Nazareth College goes mobile for prospective students

November 11th, 2011 Karine Joly 1 Comment

In our industry mobile is the new black, right?

More seriously, as you know, it is the future of web browsing – and thus, it would be plain stupid to ignore it.

So, if you don’t have a mobile solution yet, chances are you are currently working on it or planning it. According to the survey on the state of the mobile web in higher education I conducted in February 2011, 37% already had a mobile solution while 57% planned to implement a solution within the next 12 months.

I’m always happy to feature the work of others on this blog, because I know YOU always crave good case studies. That’s why I was really interested in learning more about Nazareth College’s new mobile website targeted to prospective students when I received an email from its PR department.

And, Liz Zapata, Assistant Director Web Communications at Nazareth College was kind enough to answer my questions about this project, so we can all go beyond the screenshots :-)

Liz Zapata

Liz Zapata

1) Nazareth College has decided to put a clear focus on admissions in its recently launched website. Why did you decide to focus on prospective students so heavily? What are the mobile website goals?

Nazareth made an intentional decision to begin its mobile effort with an admissions specific site. Partly this was determined by our recruitment cycle, because we were able to segment out this audience and deliver content to their very specific needs. We did a content audit of our desktop admissions site and when paired with analytics we were able to focus on what this audience care about. We are currently working on our mobile strategy for our larger naz.edu site.
Our goals are to better communicate with prospective students and to help them more quickly determine if Nazareth is the best choice for them. To that end, we have presented comprehensive academic information, photos of life on campus, and an extremely easy to use map and directions for the all-important campus visit.

2) What kind of traffic and feedback have you seen so far?

We launched October 1, 2011 and since that time we have had over 500 visitors a day. Time on site is good for our new visitor segment. The exit rate is very low once people are in, which tell us that they are engaged.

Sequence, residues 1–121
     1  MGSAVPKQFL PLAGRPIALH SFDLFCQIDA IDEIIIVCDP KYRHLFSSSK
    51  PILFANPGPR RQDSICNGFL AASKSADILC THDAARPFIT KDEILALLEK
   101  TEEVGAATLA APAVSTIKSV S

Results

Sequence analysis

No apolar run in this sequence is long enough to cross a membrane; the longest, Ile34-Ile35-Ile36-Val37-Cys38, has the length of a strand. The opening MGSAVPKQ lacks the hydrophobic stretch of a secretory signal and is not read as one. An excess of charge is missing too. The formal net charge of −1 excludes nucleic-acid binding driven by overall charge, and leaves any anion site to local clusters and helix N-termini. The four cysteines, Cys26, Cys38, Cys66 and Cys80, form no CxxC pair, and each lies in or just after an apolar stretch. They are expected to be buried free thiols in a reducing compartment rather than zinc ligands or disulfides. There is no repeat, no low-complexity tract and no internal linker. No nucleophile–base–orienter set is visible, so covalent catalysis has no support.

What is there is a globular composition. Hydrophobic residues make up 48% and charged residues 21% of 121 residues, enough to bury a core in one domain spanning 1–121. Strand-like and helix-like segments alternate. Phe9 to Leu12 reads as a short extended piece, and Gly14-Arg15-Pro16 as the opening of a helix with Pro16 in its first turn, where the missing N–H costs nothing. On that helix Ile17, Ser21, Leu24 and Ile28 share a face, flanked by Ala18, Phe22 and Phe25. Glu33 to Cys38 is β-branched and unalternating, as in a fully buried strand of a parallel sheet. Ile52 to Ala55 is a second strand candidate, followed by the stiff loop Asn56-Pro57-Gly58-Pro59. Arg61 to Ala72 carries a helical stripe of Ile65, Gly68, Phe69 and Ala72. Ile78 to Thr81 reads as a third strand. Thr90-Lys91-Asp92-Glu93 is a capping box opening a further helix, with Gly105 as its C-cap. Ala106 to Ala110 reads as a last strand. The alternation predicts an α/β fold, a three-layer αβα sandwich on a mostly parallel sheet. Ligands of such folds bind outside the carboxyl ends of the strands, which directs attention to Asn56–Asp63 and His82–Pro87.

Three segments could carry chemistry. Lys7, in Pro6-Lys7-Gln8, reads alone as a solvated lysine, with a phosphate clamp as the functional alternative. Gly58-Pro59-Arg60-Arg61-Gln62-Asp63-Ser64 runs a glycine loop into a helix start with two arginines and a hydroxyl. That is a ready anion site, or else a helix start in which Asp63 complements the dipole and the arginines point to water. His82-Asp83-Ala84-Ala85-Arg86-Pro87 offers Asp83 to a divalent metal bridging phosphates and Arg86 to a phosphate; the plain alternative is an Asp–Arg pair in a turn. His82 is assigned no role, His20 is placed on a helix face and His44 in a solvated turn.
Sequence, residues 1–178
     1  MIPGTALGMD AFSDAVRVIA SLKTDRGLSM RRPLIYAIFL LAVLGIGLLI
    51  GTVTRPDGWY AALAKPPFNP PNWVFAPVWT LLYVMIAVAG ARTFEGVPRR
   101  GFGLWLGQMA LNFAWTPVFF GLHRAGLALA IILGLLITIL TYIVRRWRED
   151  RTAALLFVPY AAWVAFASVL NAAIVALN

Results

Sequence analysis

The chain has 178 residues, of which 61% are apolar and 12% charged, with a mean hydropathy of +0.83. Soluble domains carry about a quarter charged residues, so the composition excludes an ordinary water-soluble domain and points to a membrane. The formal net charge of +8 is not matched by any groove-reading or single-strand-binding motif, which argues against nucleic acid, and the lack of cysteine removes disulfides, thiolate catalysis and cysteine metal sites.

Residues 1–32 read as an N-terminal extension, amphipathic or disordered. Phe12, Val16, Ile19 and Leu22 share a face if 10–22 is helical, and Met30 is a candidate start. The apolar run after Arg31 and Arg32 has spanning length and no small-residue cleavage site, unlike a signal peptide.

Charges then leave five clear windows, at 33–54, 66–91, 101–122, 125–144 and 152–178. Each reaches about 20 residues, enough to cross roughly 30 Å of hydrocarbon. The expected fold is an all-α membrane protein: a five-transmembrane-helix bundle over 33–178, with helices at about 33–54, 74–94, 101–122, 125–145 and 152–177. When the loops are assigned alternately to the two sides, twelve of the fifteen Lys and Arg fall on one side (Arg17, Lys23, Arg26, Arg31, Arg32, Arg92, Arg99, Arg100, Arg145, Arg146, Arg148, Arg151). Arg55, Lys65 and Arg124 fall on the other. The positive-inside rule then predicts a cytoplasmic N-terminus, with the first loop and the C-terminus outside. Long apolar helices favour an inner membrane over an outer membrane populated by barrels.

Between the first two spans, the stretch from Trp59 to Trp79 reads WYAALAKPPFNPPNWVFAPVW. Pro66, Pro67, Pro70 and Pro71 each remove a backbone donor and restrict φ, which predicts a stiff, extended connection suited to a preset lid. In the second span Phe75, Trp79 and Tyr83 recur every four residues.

When we talk to parents and visiting prospective students, they seem to appreciate the easy-to-navigate interface. Many visitors have found the map to be extremely helpful to find their way to campus and around once they are here.
We allow prospective students to quickly answer their most common questions. We allow them to quickly request more information and sign-up for events. These tasks would be extremely laborious using a mobile phone with our desktop site. The true test will be when it comes time to measure conversion and yield and the size and quality of our next incoming class.

3) How long did it take you to develop this website? How big was the team? Did you use a framework?

We started the project in April and we finished October 1. Our team members on the Nazareth side included 3 on the web team working with Mongoose Research. Our admissions and marketing departments weighed in periodically for content and editorial review. We were lucky to partner with Mongoose, who has experience with higher education mobile sites tailored to prospective students. We did not use a framework. The site was custom built using HTML 5.

4) Any lessons learned you’d like to share with the community?

Narrowing our focus to the prospective student audience made the project not so daunting. We will be taking the lessons we learned into our next mobile project. We will be able to repurpose a lot of this content. We were able to identify many initial data sources. We made great use of RSS feeds for our event feeds and Google Mapmaker provided a great easy to integrate initial layer for our map.
Adopting a mobile specific architecture was the smart choice for us. It allowed us to focus on the user experience and only deliver content that was relevant and engaging.

One Response

  1. [...] there are some examples today of institutions with admissions-focused mobile websites, and even a few examples of institutions taking applications via a mobile device, a quick comb [...]

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